The speed-torque characteristics of cylindrical eddy current machines have been long established by test and analysis and the effect of the number of teeth and of other machine proportions on the optimum speed for such cylindrical machines is well known. The disc-type inductor eddy current machine having the teeth on opposite sides of the spinning disc aligned axially with one another has essentially identical characteristics. In both cases, the torque-excitation curve is essentially the same for the optimum speed of rotation.

SUMMARY OF THE INVENTION The principal object of the present invention is to provide a disc-type inductor eddy current machine with a special arrangement of pole pieces or teeth such that the speed-torque characteristics of the machine are altered at speeds below the optimum speed and increased torque is obtained in comparison with either a cylindrical type machine or a disc-type machine having a conventional arrangement of teeth as heretofore proposed.

This improved result is obtained by providing two similar sets of teeth, one on each side of the disc, and aligning the teeth of one set on one side of the disc at least in part with the slots or spaces between the teeth of the other set on the other side of the disc. In contrast to the result obtained when a tooth on one side opposes a tooth on the other side of the disc, the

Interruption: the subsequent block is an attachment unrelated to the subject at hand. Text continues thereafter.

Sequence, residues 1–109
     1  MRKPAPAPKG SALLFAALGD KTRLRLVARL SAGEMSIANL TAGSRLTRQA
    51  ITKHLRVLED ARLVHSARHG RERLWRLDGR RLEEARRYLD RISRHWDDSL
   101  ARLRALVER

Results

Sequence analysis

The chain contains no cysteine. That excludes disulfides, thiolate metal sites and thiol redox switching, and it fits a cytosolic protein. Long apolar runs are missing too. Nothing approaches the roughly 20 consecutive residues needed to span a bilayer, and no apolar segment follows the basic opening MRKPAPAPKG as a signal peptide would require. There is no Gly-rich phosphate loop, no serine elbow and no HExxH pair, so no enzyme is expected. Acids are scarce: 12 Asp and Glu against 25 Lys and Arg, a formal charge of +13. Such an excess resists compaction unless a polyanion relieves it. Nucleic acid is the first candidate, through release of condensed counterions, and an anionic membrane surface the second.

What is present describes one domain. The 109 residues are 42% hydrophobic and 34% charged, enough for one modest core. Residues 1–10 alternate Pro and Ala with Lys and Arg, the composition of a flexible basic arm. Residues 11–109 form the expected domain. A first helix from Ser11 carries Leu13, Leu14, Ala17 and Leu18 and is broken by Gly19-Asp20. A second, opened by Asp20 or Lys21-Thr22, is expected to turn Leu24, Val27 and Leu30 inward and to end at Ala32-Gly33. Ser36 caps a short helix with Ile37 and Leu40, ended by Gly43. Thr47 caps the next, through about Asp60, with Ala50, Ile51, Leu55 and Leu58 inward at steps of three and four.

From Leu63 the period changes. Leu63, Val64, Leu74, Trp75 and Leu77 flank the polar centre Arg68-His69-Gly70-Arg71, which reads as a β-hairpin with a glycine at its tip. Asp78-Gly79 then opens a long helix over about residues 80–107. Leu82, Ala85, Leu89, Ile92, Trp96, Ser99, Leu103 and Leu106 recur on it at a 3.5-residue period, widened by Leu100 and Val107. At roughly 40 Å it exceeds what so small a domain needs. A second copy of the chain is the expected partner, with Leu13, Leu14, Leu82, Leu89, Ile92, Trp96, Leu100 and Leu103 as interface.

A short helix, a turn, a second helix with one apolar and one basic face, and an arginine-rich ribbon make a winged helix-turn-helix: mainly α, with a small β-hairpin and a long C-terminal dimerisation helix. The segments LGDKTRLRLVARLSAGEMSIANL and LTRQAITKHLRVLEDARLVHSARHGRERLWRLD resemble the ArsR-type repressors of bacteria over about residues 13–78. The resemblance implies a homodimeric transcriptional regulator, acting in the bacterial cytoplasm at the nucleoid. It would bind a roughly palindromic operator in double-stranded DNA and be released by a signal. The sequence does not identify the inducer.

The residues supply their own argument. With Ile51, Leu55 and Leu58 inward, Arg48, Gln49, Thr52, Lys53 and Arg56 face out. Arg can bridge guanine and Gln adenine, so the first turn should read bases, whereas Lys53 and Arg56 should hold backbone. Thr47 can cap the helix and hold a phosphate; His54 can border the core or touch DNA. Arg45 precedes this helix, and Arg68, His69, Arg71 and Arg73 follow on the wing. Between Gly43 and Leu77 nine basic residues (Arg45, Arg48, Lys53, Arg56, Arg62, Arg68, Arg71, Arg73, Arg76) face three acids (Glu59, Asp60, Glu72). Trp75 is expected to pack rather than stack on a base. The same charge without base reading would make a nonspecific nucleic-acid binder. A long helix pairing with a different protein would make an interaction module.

alignment of tooth with slot according to the invention causes the magnetic flux to travel from one tooth not only axially through the disc but also circumferentially to the extent necessary to reach the nonaligned tooth on the opposite side of the disc. The result is lower disc inductance due to eddy current distribution and higher torque at low speeds. At higher speeds nearer to optimum,` however, the effective penetration of the magnetic flux wave into the disc is greatly reduced due to a skin effect so that the speed-torque characteristic is essentially the same as that for conventional machines.

The eect of misalignment of the teeth tends to become more pronounced as the disc is made thinner, but on the other hand there is less magnetic cross section to carry the circumferential component of magnetic flux and this fact tends towards magnetic saturation. Accordingly, an optimum value or range of values exists as a compromise between these opposing effects, but this optimum is not very sharp and the designer can make use of the invention with machine proportions that will satisfy the various limitations of practical thickness, mechanical strength, optimum speed, etc. The preferred thickness or range of thickness of the disc can be expressed in terms of the relationship between its thickness and the width of a tooth as hereinafter described.

BRIEF DESCRIPTION OF THE DRAWINGS One embodiment of the invention has been illustrated in the accompanying drawings, but it is to be understood that said drawings are for purposes of illustration only and are not to be construed as a definition of the limits of the invention.

In said drawings:

FIG. l is a somewhat diagrammatic representation of a dynamometer construction embodying the present invention as summarized above;

FIG. 2 is taken looking in a downward direction from the line 2-2 in FIG. l and illustrates diagrammatically the arrangement of the teeth and slots on opposite sides of the spinning disc, together with the magnetic flux paths from tooth to tooth through the disc;